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  1. I would think that the 800 would come off worse, but there might be one or two slightly bruised piggies.
  2. Going back to the Bagult crossing incident, I noticed that the signaller at the work station had previously worked two mechanical boxes in NORFOLK! If a train crew is supposed to have route knowledge, would it be an idea for the signallers responsible for a route to also study, and sign for, the route knowledge?
  3. If that is for the current era, then I would say go for a blank nose, with the current group standard light clusters.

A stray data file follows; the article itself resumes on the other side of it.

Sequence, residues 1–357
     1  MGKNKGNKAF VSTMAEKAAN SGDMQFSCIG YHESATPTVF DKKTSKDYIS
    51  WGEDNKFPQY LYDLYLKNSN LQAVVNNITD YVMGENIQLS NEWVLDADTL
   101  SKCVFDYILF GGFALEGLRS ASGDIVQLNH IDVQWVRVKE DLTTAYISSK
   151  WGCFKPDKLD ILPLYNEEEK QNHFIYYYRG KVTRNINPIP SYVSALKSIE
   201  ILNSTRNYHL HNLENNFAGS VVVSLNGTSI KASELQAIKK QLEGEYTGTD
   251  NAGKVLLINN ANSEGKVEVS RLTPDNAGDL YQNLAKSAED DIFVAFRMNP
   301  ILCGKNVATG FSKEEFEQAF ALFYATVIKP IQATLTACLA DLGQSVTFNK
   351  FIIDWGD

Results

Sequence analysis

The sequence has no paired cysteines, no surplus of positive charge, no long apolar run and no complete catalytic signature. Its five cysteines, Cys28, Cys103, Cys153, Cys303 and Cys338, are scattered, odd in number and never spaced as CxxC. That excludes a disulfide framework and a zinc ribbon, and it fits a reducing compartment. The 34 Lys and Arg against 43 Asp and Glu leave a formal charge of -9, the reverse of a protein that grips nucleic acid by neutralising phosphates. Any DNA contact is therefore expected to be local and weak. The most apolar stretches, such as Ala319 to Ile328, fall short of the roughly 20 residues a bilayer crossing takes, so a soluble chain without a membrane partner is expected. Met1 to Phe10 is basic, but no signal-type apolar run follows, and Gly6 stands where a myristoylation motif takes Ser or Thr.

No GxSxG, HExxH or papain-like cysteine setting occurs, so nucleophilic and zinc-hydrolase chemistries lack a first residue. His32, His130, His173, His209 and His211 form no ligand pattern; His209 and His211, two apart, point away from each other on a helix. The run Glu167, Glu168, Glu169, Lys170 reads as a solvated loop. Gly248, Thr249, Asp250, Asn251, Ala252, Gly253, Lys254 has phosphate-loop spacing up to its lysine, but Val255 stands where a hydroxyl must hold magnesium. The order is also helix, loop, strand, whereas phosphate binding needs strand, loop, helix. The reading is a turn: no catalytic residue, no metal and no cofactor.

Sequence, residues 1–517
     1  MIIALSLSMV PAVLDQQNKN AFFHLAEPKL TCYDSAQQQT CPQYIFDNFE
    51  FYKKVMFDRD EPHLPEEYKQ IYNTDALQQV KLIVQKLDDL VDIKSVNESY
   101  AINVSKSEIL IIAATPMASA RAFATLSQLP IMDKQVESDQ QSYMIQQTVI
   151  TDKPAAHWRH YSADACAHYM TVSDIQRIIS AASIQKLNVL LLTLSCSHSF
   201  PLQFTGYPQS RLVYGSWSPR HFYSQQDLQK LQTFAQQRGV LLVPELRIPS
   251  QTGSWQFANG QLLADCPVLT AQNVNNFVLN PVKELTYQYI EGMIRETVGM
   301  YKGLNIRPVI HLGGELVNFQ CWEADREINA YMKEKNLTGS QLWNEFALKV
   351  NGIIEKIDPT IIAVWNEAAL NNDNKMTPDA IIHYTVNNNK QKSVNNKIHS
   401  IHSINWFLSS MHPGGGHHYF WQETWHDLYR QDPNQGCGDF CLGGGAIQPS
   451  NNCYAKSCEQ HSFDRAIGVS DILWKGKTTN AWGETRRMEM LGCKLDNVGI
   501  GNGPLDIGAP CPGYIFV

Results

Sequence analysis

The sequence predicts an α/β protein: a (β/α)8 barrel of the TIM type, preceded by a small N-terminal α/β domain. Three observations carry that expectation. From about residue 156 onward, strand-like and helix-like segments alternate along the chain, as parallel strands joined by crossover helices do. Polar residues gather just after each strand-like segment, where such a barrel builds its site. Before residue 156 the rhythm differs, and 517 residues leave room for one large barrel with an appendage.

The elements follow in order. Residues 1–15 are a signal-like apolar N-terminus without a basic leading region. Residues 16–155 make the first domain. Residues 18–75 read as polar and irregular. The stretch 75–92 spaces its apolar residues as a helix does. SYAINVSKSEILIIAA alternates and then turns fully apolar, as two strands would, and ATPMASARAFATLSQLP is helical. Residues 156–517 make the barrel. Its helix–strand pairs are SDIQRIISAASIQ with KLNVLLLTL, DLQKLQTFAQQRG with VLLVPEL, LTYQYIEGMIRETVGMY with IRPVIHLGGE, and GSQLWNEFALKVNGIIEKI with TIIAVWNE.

4. I don't know if this would count as an imaginary railway, but;- The Midland & Great Eastern Joint Railway - A Mainline built from the Newark-On-trent/Sherwood Forest area across the Fens to to Kings Lynn, a route that is currently filled by the A17. I can't imagine that there would be much of a commercial need that couldn't be met by the routes that were built by the various "railway mania" and pre-grouping companies, but then again, It's not unknown for different companies to fall out over running rights. My rationale for the route is that it allows the Midland Railway access to the east coast ports of King's Lynn, Yarmouth and Lowestoft ( via the GER ) for coal exports, and it allows the Great Eastern Railway access to the midlands for fish and agricultural traffic. I'm not sure, yet, how or where the line would cross the Trent, Welland, Nene, or Ouse rivers, but at this stage in time I am only looking at a rough route anyway.